Meanwhile, the inaugural South Tyne Jamboree took place on June 8th as planned, and a team from Austins became first ever winners of the Arthur Fulton Memorial Trophy, which had been presented to the Association by Arthur’s widow, Kathleen.
The AGM was held at Haydon Bridge on September 11th, 2000. Mike, who was unable to attend, had produced his final league controller’s report, in which he recorded the fact that the handicap system had received general support and added that “We are indebted to Ian Mackay for introducing the handicap system to us.” There was one problem: “For a handicap system of this type to continue to be acceptable to teams and players, everyone must feel confident in the grading system, and the much-chronicled but not widely admitted failings of the BCF [British Chess Federation] on this front threaten to queer our pitch.” However, results had been re-submitted and re-graded, as a result of which “an interim, provisional calculation of grades has been completed […] It is not perfect, but it should enable the STCA league to start without a feeling that some teams are unduly favoured or disadvantaged by the grading system’s shortcomings.”
Mike concluded his report with this paragraph:
“I have enjoyed running the league on behalf of the STCA, but am now more than ready to take a back seat and simply play chess. I want to thank all my friends and colleages for their support. The league makes a substantial contribution to chess in the north Pennine area, and I look forward to seeing future developments. I wish my successor well.”
It is a matter of regret that no minutes of the AGM survive to record the Association’s indebtedness to Mike for his massive contribution over the twelve years of its existence. From the very first informal meeting back in June 1988, Mike had been at the forefront, not merely floating ideas but making sure that they turned into reality by dint of unstinting effort. Not only had he run the league for twelve years but he had also produced thirty-two newsletters, as well as innumerable reports for the Hexham Courant. During the same period, he had dealt with all the vexed issues related to grading, producing his own unofficial grading list and liaising with the Northumbrian and Cumbrian graders and with the BCF. He had been instrumental in setting up the inaugural rapid-play tournament, as well as acting as controller of the event. He had devised a system which made it possible to create a leader-board and award individual prizes and had later come up with an alternative system which he felt was fairer. When the introduction of a handicap system was proposed, it was Mike who drew up not only the draft rules which would govern the running of the handicap league, but also the individual handicaps for every player. Quite simply, the creation and the continued existence and evolution of the Association were unthinkable without Mike. Whoever took over from him had a very hard act to follow.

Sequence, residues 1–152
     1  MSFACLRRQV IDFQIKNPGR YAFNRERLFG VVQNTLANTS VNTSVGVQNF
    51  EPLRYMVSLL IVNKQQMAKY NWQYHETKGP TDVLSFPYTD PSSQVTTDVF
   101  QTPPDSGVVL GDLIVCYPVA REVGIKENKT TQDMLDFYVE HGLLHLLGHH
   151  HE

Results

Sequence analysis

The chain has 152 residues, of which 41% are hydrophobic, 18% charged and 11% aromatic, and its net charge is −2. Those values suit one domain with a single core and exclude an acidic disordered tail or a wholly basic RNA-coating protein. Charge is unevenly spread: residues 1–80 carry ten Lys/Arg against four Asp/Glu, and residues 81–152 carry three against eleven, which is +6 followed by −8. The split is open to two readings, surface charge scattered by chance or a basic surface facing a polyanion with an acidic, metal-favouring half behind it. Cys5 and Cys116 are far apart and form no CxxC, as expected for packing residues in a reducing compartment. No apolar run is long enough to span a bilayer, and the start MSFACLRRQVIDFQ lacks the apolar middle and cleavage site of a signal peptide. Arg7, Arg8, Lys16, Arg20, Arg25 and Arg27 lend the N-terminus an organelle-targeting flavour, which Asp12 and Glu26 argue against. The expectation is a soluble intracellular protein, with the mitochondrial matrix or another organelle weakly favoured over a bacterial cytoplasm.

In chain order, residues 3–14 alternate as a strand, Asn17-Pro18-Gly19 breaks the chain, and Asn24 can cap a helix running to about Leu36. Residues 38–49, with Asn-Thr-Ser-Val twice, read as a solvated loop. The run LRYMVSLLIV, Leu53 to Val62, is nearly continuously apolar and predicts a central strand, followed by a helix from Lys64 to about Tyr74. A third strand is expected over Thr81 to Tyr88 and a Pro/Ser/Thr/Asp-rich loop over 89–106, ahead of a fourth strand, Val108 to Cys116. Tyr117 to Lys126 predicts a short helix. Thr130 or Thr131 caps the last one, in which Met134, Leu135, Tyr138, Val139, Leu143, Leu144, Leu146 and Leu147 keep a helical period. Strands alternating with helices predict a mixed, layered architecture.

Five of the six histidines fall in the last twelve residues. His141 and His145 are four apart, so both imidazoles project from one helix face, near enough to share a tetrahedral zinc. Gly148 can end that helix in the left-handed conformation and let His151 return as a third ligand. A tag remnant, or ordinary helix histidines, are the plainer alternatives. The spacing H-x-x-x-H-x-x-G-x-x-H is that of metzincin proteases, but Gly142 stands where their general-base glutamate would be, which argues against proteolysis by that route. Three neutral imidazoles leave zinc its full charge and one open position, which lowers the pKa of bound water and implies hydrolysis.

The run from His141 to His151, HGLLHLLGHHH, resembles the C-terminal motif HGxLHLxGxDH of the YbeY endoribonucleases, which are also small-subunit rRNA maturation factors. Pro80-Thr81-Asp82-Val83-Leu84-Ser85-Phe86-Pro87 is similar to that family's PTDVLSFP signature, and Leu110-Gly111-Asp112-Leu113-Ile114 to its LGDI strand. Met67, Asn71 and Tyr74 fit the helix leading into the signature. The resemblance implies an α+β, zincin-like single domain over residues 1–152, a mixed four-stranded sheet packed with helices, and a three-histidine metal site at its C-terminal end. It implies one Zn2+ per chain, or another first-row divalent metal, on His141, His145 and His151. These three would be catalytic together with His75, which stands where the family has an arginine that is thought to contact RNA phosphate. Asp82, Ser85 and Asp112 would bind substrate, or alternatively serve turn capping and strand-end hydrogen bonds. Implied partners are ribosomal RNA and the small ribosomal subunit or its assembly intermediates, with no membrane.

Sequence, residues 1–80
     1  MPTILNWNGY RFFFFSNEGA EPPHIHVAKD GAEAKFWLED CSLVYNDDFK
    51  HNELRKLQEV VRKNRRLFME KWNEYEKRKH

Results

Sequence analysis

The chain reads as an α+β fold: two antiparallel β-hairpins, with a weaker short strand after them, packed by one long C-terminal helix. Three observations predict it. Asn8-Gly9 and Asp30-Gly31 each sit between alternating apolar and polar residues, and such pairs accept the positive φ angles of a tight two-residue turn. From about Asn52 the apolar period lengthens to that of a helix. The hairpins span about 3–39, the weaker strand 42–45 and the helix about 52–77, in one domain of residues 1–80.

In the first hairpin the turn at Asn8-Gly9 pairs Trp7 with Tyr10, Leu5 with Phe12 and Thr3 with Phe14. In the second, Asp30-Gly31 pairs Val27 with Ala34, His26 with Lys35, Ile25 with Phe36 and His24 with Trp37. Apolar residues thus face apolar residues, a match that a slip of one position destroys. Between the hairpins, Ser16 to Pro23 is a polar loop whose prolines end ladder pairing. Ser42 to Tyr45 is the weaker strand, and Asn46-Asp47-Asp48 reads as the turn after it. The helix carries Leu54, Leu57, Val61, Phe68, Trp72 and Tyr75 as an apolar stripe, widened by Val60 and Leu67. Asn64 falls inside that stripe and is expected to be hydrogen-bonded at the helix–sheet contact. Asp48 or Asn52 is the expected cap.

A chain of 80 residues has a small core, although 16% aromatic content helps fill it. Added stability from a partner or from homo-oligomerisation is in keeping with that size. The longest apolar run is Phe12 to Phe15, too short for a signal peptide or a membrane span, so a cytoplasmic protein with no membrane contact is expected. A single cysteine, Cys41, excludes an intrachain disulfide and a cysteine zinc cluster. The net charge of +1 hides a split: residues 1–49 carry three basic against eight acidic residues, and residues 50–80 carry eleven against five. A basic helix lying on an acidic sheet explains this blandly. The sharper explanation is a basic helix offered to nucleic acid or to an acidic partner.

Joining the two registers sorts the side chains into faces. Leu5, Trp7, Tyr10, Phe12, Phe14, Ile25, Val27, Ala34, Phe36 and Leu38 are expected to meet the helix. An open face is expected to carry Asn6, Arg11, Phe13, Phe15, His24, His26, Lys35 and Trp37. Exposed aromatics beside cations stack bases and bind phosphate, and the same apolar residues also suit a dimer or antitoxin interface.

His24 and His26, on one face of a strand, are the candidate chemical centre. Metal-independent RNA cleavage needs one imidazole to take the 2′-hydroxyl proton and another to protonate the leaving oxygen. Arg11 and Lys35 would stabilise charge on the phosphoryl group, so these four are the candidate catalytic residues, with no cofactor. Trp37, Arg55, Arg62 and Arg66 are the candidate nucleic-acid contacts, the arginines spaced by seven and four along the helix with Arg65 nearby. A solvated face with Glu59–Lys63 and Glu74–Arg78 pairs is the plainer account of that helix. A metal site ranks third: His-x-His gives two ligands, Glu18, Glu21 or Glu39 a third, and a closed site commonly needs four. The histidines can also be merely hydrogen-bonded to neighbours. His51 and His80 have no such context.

It was Syd Cassidy, who played for Austins, who took up the reins. He ensured good coverage of the new league season, producing no fewer than five newsletters between November 2000 and June 2001. He also posted results and league tables on the Cumbria Chess website.
Alston struggled throughout the season to put out a full team, defaulting a board on three occasions and “borrowing” Jim Dixon of Haydon Bridge on a fourth. In addition, they defaulted their match away to QEHS Monarchs , and apparently “no result was sent in for the return match and neither team was able to remember the details, so it has gone in as a 0-0 draw!”
The league champions were Friars, with an impressive 18 points from a possible 20. Tynedale Hers and Austins both had 11 points, then came QEHS Monarchs on 10, Alston on 7 and Haydon Bridge on 3. On the leader-board, Ian Lambie (Tynedale Hers), Max Brown, Alan Hiatt and Bill Hardwick (all Friars) were the winners.